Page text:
Trying to lose weight? Add these little power houses to your diet!
What are Sprouts?
Sprouts are the germinated seed of a vegetable; they are young plants on their way to full growth – at least until some are harvested from those plants to be, well, sprouts for eating. You can find sprouts pretty much wherever you find food, particularly grocery stores and farmer’s markets. I grow my own in my kitchen. I usually buy the prepared coconut mats with the seeds already in them. All you need to do is put water in the tray, soak the coconut mat with the seeds for a couple seconds, and then watch them grow. In a couple days you can harvest and enjoy. You can find a link to the company I prefer on my website www.houseofshape.com/hos-favorites. Super easy, convenient and fresh!
Types of Sprouts:
Most sprouts you’ll encounter fall into four categories:
Bean and pea sprouts: These include mung bean, kidney bean, black bean, lentil and snow pea sprouts.
Vegetable sprouts: These include broccoli, alfalfa, mustard green and red clover sprouts.
Nut and seed sprouts: These include pumpkin seed, sesame seed, and sunflower seed sprouts.
Sprouted grains: These include wheatgrass and quinoa sprouts.
Some of the more popular sprouts include alfalfa, mung bean, red clover and broccoli.
And, no, Brussels sprouts aren’t part of these sprouts. They’re grown like regular plants, but not in a warm water environment like sprouts. Brussels sprouts are actually in the same family as cabbage, kale, broccoli and cauliflower.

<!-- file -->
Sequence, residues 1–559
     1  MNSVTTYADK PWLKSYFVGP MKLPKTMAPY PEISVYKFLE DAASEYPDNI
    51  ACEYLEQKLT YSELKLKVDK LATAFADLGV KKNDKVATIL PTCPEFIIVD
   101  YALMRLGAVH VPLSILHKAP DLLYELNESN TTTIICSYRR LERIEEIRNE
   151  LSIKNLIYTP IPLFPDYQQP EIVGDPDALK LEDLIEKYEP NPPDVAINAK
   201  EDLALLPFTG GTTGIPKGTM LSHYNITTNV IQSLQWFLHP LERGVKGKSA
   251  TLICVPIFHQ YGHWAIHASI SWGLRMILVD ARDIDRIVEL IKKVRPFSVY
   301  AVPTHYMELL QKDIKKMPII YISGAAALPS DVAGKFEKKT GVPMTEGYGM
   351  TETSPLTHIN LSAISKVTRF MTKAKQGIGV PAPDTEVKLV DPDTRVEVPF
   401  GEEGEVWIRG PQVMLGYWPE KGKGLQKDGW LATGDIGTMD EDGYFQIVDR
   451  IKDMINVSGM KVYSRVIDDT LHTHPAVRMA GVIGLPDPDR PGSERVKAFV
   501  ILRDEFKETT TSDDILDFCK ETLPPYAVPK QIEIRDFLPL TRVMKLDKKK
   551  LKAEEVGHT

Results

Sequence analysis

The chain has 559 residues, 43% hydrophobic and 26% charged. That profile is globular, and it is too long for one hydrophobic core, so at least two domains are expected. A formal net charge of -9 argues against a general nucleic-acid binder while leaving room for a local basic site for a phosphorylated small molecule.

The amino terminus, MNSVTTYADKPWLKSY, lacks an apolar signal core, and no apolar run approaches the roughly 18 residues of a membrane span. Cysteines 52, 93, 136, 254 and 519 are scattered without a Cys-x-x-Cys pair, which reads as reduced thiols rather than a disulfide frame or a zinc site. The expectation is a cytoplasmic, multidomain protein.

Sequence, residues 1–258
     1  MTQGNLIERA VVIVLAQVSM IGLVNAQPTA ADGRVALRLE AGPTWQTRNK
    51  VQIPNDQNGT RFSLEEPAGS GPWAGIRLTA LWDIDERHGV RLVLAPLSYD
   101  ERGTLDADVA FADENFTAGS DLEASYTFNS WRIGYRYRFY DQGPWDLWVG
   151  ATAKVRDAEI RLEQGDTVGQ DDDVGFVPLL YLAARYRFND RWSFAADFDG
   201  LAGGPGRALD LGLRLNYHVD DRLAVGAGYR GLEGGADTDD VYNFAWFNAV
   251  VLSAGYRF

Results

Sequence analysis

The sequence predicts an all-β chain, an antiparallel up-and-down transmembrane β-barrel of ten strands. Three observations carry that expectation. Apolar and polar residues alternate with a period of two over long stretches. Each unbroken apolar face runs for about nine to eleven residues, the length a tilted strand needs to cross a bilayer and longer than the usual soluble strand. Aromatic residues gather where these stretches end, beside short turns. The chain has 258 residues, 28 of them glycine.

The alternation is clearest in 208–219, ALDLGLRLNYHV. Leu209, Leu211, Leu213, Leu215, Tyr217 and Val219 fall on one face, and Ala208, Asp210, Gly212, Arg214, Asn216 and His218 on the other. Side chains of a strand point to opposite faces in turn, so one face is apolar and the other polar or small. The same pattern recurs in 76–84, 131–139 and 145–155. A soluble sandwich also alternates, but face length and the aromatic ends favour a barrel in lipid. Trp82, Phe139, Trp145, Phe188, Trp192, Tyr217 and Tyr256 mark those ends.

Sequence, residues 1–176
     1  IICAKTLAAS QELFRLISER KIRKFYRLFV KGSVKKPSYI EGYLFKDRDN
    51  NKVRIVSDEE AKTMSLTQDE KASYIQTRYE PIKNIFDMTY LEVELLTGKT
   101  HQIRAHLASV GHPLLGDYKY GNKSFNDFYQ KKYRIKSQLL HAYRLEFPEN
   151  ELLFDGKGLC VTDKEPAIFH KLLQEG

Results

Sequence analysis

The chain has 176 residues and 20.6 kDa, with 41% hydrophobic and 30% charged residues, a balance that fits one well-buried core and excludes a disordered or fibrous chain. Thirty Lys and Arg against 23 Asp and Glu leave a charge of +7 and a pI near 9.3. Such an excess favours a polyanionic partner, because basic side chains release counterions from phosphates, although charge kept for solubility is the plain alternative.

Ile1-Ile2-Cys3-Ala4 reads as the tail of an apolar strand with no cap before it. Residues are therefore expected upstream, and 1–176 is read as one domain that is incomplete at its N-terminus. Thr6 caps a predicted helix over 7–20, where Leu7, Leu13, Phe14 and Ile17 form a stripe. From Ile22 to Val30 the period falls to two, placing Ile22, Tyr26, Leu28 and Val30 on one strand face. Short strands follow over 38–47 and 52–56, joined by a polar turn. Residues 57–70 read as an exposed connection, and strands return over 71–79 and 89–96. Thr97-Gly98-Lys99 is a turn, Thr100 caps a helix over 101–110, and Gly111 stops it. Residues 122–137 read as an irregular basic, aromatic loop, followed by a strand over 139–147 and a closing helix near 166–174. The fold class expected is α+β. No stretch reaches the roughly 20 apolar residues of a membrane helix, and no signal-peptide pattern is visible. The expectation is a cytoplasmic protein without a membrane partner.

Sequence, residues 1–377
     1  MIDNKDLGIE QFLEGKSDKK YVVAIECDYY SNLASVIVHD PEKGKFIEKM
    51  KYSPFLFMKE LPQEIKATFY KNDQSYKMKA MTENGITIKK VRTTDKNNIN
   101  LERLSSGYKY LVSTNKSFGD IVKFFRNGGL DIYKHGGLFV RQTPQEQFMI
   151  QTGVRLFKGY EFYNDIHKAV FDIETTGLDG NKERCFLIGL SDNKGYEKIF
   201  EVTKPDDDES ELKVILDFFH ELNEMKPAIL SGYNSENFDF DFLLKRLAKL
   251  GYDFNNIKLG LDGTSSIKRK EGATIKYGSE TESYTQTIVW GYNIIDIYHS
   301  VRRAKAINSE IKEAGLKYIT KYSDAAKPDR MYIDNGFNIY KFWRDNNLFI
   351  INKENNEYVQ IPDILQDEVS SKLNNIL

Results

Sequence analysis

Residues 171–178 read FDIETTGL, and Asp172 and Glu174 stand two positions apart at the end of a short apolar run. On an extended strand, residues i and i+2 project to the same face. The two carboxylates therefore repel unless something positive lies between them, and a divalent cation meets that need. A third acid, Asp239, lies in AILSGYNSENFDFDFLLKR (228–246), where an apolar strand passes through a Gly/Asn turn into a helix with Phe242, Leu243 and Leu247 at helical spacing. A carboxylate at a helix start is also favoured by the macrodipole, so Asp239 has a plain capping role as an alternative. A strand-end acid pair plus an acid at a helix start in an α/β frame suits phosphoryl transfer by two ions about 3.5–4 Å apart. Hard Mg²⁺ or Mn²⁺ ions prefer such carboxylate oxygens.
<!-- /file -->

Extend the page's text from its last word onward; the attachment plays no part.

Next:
Benefits of sprouts:
Sprouts are jam-packed with vitamins and minerals, varying from sprout to sprout. Sprouts carry essential vitamins, minerals, fiber and are a great source of antioxidants.
For instance, Broccoli sprouts will be loaded with vitamin A, vitamin C, vitamin K, folic acid and they are a really good source of the powerful antioxidant sulforaphane.
Sprouts can also carry other nutrients like B vitamins and minerals like phosphorus and magnesium. Plus, they’re low in things like fat, sodium and calories. They can also bring a variation to your salad, wrap or sandwich. In addition to the listed health benefits, they can also add a bit of texture and/or a different flavor to your meal.
Here is one of my favorite sprouts salad recipes:
1/2 cup sprouted garbanzo bean sprout
1/2 cup sprouted lentil sprouts
1/2 cup alfalfa sprouts or broccoli sprouts
1 medium chopped tomato
1 medium chopped onion
2-3 chopped green chilli
1 table spoon chopped cabbage
1/2 teaspoon chat masala
1/2 teaspoon lemon juice
Sea salt as required
In a bowl, add garbanzo bean sprouts, lentil sprouts, chopped onion, tomato, cabbage, green chilies, black salt, chat masalas and lemon juice.
Mix well and serve all at once.
Your House of Shape coach Angela